Have you ever seen a toilet with a control panel and a user’s guide?

Have you ever seen a toilet with a control panel and a user’s guide?

A few years back as a tour director, I took a group of seniors to Tokyo. In the past, I had traveled by cruise ship. This time it was different; I had a group of seniors, and we were doing a land tour. This time I flew in, and of course after hours of sitting in airports and the plane, all I wanted to do was get my group settled into their rooms and me in mine. A comfortable bed was waiting for me, but before that, I had to meet my group for a welcome dinner.

I wanted to take a quick shower and change my clothes, so I rushed into the bathroom,  clothes flying everywhere, and sat down on the throne. I stopped short at what I saw in front of me: a control panel for the toilet…all in Japanese. Oh crap! I thought. What is this? Where’s the TP?


There I was, naked on the throne without toilet paper and with a user’s guide to figure out — and I had a group of seniors waiting for me in the dining room.

As I sat there panicking, believe me, I was not thinking about the engineering that went into making this contraption. There were eight buttons on this marvel of science — but which one was I supposed to push to just flush it? I took a guess and pushed the first button. A wand appeared and shot a stream of water straight up at my private area…and it had a massage setting. After sitting for so long on the plane, if I had had the time, that might have actually felt good. But I had a group of seniors to think about. So, I pushed the next button. What else could you need? Oh yes, of course: hot air to dry your butt.

There were six more buttons. So I went down the line. How about a … No. It couldn’t be.

By this time I was so intrigued with this space-age toilet that I forgot about my seniors. There were just too many buttons to push, and I still hadn’t found the flush button, but now thanks to this gadget that had more programming than my TV, I did not need the toilet paper.

Now there were five other buttons,  so I still had five choices. My eyes darted back and forth, and finally I decided to go with the only square button. This had to be it. With some measure of anxiety, I pressed it. HOLY SHIT! Now what I do?

Much to my horror, a bright red flashing light came on. I jumped up and grabbed my glasses, and there it was — the only clearly visible word in English: Emergency. I realized with a panic that it must be connected to the front desk. I  jumped up in my birthday suit and rushed to the phone and dialed the front desk. I was greeting with the lulling tones of elevator music, but no one picked up. I could just see it now in the headlines of our Spirit magazine: “Tour Director Found Naked in 5-star Tokyo Hotel.” With the phone still humming in my ear, I heard banging at the door and voices asking, “Mrs. Raney? Are you ok?”

I dived for the bed and grabbed the extra blanket that way lying on top. Just as I was wrapping it around me, the door opened wide and there stood three men from my group who had stopped by to see what all the commotion was about.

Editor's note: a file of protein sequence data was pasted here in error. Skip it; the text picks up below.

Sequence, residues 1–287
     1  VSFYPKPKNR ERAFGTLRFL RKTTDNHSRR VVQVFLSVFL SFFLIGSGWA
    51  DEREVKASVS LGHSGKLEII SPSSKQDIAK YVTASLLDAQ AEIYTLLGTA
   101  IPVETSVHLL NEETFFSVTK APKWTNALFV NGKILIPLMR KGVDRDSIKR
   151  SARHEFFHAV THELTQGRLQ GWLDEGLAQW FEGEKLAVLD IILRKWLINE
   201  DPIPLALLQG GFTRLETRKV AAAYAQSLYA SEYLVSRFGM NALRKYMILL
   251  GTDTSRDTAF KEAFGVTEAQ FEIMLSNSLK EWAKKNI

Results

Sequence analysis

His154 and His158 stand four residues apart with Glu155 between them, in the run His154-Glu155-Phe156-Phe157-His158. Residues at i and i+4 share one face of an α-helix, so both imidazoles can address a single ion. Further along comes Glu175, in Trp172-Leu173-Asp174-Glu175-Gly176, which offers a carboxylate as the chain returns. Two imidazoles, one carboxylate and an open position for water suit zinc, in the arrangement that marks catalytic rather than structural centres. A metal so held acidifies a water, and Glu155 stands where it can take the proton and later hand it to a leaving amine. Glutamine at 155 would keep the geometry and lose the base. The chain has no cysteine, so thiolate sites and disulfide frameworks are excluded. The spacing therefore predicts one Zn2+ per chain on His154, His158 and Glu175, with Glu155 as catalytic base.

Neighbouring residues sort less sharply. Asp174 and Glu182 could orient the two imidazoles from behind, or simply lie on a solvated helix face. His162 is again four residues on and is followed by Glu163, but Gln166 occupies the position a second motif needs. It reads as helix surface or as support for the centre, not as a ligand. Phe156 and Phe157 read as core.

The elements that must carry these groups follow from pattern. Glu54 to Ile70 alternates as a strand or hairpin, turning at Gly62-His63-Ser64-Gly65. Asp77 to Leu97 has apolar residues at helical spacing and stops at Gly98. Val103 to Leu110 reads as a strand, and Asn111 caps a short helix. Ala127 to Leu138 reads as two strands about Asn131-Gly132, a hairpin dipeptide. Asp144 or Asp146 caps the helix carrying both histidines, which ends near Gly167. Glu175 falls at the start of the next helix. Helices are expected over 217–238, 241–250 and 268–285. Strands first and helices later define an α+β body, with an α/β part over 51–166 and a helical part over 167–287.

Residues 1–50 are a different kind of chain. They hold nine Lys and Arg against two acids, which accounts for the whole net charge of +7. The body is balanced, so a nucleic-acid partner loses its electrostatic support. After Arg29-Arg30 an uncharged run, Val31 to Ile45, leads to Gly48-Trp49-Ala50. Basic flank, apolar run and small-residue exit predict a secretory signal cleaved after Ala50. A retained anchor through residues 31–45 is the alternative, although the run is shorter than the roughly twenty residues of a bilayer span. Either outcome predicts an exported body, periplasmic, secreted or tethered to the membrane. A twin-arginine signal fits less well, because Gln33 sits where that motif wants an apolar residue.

With smiles on their faces, they decided it was time to use the brand new Sony camera that they had just bought with my help at the airport and gleefully snapped my photo. I guess it could have been worse: What if the bed had not had the extra blanket? Yikk.

road side bathroomOut of curiosity, I had to find out what the last two buttons did. Plus, I still hadn’t discovered how to flush the damn thing. As it turns out, a flush is not just a flush in Japan.  No no. You can choose a full flush or a half flush, based on the deposit you made. And that last button? It sent a burst of warm scented air infused with a perfume to make your bum smell as fresh as a rose (or was it lilac?). And when I looked at the panel with my glasses on, I could see in teeny tiny letters the instructions in English. Better late than never, I guess.

For anyone interested, now you can purchase this toilet that really is a marvel of science for anywhere from $5000.00  to $20,000 per seat.  I know, I know — it seems like a lot of money. But just think what you get for that $20,000:

  • You can get a seat that senses what you are going to do: stand in front of it and the seat will go up.
  • When you leave, the seat will go down when you are finished. Think about that ladies — no more falling into the toilet.
  • How about a thermostat that controls the temperature of the seat?
  • A built in bidet — Push the appropriate button while sitting, and a wand appears and shoots a stream of water straight up at your butt.
  • Push another and you get a rinse just like a car wash .
  • How about a massage?
  • Push another button and you get a blast of warm air to dry your hiney.

Basically, 20 grand gets you an on-demand spa for your hind quarters. Feeling good!

I guess I wasn’t the only one who had a problem with this modern day wonder. There were a lot of late comers who also did not wear their glasses in the bathroom who had a similar life-changing experience like I did. At dinner, however, no one said anything. But I did see a camera going around the table and people hovering around the screen to look at the pictures. If I’m not mistaken, it was a certain Sony camera.